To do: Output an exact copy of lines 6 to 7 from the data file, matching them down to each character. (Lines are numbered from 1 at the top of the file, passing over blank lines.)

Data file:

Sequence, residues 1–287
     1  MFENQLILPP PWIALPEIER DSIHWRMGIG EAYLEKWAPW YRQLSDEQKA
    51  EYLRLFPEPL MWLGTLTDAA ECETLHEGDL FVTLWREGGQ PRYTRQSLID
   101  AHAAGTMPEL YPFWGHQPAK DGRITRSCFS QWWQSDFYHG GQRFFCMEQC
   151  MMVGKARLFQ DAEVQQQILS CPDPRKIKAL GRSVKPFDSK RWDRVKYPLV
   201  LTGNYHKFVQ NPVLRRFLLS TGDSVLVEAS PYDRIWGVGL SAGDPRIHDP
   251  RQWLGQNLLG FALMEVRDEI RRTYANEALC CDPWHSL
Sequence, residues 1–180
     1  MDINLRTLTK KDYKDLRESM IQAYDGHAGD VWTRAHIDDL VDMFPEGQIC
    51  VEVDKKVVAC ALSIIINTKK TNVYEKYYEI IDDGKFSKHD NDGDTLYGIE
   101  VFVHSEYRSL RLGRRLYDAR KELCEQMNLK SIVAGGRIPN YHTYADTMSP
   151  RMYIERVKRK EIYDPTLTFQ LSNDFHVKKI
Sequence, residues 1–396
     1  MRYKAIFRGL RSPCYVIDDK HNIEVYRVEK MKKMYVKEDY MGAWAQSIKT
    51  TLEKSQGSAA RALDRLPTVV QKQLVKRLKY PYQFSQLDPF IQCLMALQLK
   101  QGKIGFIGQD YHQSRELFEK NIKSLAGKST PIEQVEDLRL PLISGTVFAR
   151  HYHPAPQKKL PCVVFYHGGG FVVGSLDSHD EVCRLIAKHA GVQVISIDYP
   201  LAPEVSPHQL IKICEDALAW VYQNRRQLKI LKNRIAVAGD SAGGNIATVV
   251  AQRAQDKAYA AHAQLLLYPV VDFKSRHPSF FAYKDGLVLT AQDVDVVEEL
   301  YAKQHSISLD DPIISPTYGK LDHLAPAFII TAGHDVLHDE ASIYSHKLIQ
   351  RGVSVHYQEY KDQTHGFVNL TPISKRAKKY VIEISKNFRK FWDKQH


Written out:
   201  LTGNYHKFVQ NPVLRRFLLS TGDSVLVEAS PYDRIWGVGL SAGDPRIHDP
   251  RQWLGQNLLG FALMEVRDEI RRTYANEALC CDPWHSL